A Journal Of The Dark Arts
As you may or may not already know, we’re total soundtrack fiends, here at Forestpunk. They’re a goldmine for sample junkies, progressive DJs and retro fetishists. Just when you were starting to despair, worn out the grooves on yr copy of White Noise, starting to consider starting an anime
theme song cover band, well, this one’s from you.
Les Maitres Du Temps is a feature-length animated film from 1982, directed by Rene Laloux, the man responsible for Fantastic Planet. It tells the story of a young boy named Piel, marooned on the planet
Perdide, after his father dies in a fiery car wreck. His last act was to provide Piel with an intergalactic transmitter that looks like an Easter Egg painted like a mushroom, tells Piel its name is Mike, and tells him to run into the forest that looks like a coral maze.
Intergalactic space pirate Jaffar receives a transmission from Piel’s father,
posthumously, asking him to swing by Perdide and pick up his son. What ensues are a series of surreal and psychotropic space adventures, seemingly thrown out at random, making for the weirdest sort of linear ‘plot’. This could be discarded as expendable tripe to amuse children if not for the fact that the movie is chock full of genuine, likable characters and simply stunning animation.
Les Maitres Du Temp’s main claim to fame was that it brought to life the artwork of legendary French comics artist Moebius, aka Jean Giraud, visual consultant for The Fifth Element, Tron, and Ridley Scott’s Alien. He was one of the founders of Heavy Metal magazine. His style is searing, technicolor ’70s surrealism, like the phantasmagoria playing out behind the eyelids of William Hurt in Altered States. Its brilliant to see it brought to life in a feature-length film. The bizarre secession of sub-plots serves to further the dream-like impression it leaves you with. It will revert you to a state of child-like wonder, gasping at ray guns and faceless angels and bizarre Seuss-like characters.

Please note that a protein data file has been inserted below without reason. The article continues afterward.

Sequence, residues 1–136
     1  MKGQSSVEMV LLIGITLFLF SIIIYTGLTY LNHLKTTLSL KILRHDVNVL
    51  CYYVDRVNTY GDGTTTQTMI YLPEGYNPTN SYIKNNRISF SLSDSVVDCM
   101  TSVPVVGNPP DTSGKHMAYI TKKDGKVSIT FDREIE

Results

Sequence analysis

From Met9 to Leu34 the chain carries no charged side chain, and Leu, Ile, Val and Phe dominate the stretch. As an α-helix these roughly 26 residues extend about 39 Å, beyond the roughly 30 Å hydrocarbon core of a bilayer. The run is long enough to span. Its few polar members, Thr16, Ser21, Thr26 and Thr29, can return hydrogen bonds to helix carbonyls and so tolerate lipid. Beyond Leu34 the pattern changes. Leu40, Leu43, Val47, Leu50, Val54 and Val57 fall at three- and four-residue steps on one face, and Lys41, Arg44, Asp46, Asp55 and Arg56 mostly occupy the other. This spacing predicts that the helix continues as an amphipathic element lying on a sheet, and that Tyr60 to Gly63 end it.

The score from Jean-Pierre Bourtayre, with the occasional spoken/sung interlude from the film, comes off as a De Wolfe joint from that era, but there are moments, like the ‘Start Theme’, of some genuinely tough, energetic Robotic funk. It sounds remarkably in line with some of today’s rough-hewn handmade electronica.
This record is a refreshing addition to the standard Radiophonic/hauntological interpretation of Library Music, which mostly stays in the ’60s and ’70s. Like recent works from Pye Corner Audio and Umberto, people are starting to broaden their aesthetic investigations, unleashing a kaleidoscopic miasma of revisionist history.
And of course the main reason we bring this to yr attention is that it was brought to our attention to by the ever gracious Ben B., our host with the most, our sabled innkeeper during our stay in Boulder, Co. Ben’s got awesome taste in cartoons, jazz, prog rock, noodle shops. A genuine digger from way back, with an archive that spans decades. It was a royal treat to have a gathering of vintage Animation freaks and obscure music nuts, and there were several nights, hunched over his marble counter tops, chopping garlic and green onions, as Captain Beefheart, ’70s Cop themes, and Astor Piazzolla made the scene.
This is the kind of thing we love, at Forestpunk. Straight from our kitchens to yr living rooms. A slice of life, a dose of inspiration. Being genuinely moved and inspired by the art that we find, and being quite convinced that it will do the same for you.
So do yrself a favor and seek out a copy of this film, which is quite worth a watch, and dig this soundtrack while you surf. Our mix also includes a special bedroom edit of the Generique Fin from Dessicant, who uses a wide variety of classic musique concrete moves to simulate the sensation of remembering watching a faded old VHS copy of the film (but not nearly as cozy as BoC). Just for you!